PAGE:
Carson Wentz was very good in loss to Panthers, but the quarterback can’t fix all the Eagles’ issues
One-man team? It's scary how good this group needs its leader to be for it to win games.
Identifying the worst thing about Sunday's 21-17 Eagles giveaway to the Carolina Panthers is a challenging task.
But here is a contender: Overall, Carson Wentz is playing the best football of his career, certainly playing better than anyone has a right to expect, just 10 months after ACL and LCL surgery. And the Eagles keep finding ways to lose.
The final numbers Sunday were 30 for 37 for 310 yards, two touchdowns, no interceptions, a 119.6 passer rating. The 81.1 completion percentage was a career high, as were the 15 straight completions. Try to imagine the 2017 Eagles losing a game in which their leader posted those numbers.
Of course, they didn't. In fact, Wentz's numbers in all three of the 2018 losses he has helmed are better than in either of the games he lost in 2017, and in all but one of his nine rookie-season losses.
It's true that Wentz didn't produce a game-winner on the final drive, after his defense found a shockingly easy way to blow a 17-0 fourth-quarter lead into a 21-17 deficit, when Wentz got the ball back at the Eagles' 30 with 1 minute, 17 seconds remaining. It would have been nice if he could have somehow managed that, when he got to fourth-and-2 from the Carolina 14 with 31 seconds left, after an Eric Reid interception on a miscommunication between Wentz and tight end Zach Ertz was ruled to have hit the ground. But all things considered, would a miracle touchdown at the end have drastically changed your perception of this team Monday morning?
"I always say that he shouldn't feel like he has to carry this football team, but the reality is, he kind of is," Ertz said, after catching nine passes on 11 targets for 138 yards, his highest total since the 2016 season finale. "He's playing probably the best I've seen him play, coming off of injury, as well. It's really unbelievable what he's doing. But we've just got to make plays around him."
Wentz does not have enough weapons, as was obvious from national network reports before the game that Howie Roseman is working hard to come up with a running back or receiver before the Oct. 30 trade deadline.
Wentz tried to force a ball to double-covered Alshon Jeffery on the third-and-2 play that preceded the fourth-down failure, in which Wentz was hit and fumbled, just as he saw Jeffery come free.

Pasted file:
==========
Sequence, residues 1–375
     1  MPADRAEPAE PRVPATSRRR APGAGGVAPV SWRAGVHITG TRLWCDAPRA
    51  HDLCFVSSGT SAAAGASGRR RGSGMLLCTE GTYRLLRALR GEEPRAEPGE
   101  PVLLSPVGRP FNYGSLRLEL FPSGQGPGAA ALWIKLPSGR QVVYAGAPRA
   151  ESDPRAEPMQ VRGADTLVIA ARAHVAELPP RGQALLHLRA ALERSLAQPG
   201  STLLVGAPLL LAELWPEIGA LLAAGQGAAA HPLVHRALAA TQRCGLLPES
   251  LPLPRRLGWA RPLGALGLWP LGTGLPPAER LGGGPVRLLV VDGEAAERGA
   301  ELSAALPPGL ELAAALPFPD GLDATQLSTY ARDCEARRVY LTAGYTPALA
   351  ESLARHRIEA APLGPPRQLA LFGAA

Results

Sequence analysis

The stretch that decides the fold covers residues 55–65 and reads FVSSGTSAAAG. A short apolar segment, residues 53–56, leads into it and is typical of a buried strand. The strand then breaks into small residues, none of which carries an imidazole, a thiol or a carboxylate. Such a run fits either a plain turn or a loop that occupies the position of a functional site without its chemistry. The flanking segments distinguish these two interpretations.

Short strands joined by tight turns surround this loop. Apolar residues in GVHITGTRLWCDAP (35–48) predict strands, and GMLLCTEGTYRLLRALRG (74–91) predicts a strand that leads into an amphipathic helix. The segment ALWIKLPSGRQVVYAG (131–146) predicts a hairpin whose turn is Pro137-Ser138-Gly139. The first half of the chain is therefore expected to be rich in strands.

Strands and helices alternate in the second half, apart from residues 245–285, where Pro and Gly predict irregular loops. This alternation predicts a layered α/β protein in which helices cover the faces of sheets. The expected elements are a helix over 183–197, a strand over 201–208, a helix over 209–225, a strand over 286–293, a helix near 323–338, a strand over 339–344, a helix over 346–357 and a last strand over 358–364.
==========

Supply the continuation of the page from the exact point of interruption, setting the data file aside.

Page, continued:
Of Wentz's 310 passing yards, 226 were to Jeffery (seven catches, 88 yards and a touchdown) and Ertz.
"That's just not a way for us to finish a game," Wentz said. He said that the Eagles moved the ball well early, that they "did some things well that we know we are capable of, and then it just seemed like we let off the gas as an offense, just stopped making plays."
Lurking behind that feel-good 17-0 score going into the fourth was the fact that the Eagles should have had more points. They'd racked up 19 first downs at that juncture, 320 yards, 281 of them through the air. But a Brandon Brooks holding penalty negated a 51-yard gain on a Wendell Smallwood screen just before halftime. The Birds' second possession of the game ended with 62 yards gained and no points, when Wentz couldn't connect with Ertz on third-and-3 and Jake Elliott missed a 36-yard field goal, into a stiff wind.
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After driving for a touchdown on their first possession of the second half, the Eagles were at midfield on their next series, second-and-11, with a 17-6 lead, when Wentz flung a ball forward at a receiver's feet as he was being hauled down.
Great, he avoided a costly grounding call; it would be third-and-11 now, not optimal, but far from impossible. Maybe the Eagles, three-for-three on fourth down, would get most of the yardage on the next play and then go for it again. But, wait: the officials were conferring. They decided Wentz was sacked, though no whistle blew before the throw. Suddenly, third-and-18. Wentz's pass to Jeffery netted nine yards. You don't go for fourth-and-9 when you're defending a lead.
That was a tipping point for the offense, which went three-and-out on the next series, without trying a run, just a couple of piddly completed passes right around the line of scrimmage and then a longer incompletion, James Bradberry knocking the ball away from Jeffery.
The play-calling late was suspect. In the second and third quarters, Wentz was dropping beautiful passes onto receivers' hands, down the sidelines and the seams. Those plays just disappeared, as did the runs.
"We just broke down [on the three-and-out] and we can't have that," Eagles coach Doug Pederson. "Those are things that our guys pride themselves on. … I'll go back and look at the couple of play-calls there, and see if I can do a little better there, help our team there."
Wentz was asked about working on closing out games. The Eagles' four losses have come by a combined 15 points.
"I don't know how you work on closing out games, so to speak, in practice, but it's something that we have to do," Wentz said. "I thought it was something that we did well last year."
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Wentz and the Eagles travel to London next to face a 3-4 Jacksonville team that has underachieved as badly as they have.
"We're going to find out what we're made of now, going forward," Wentz said. "I feel like we said that two weeks ago, saying it again. We're at make-or-break time, almost."
They said it two weeks ago after losing to Minnesota at home and three weeks ago, after blowing a 17-3 third-quarter lead at Tennessee. What if they have found out what they are made of, and they just don't like the answer?
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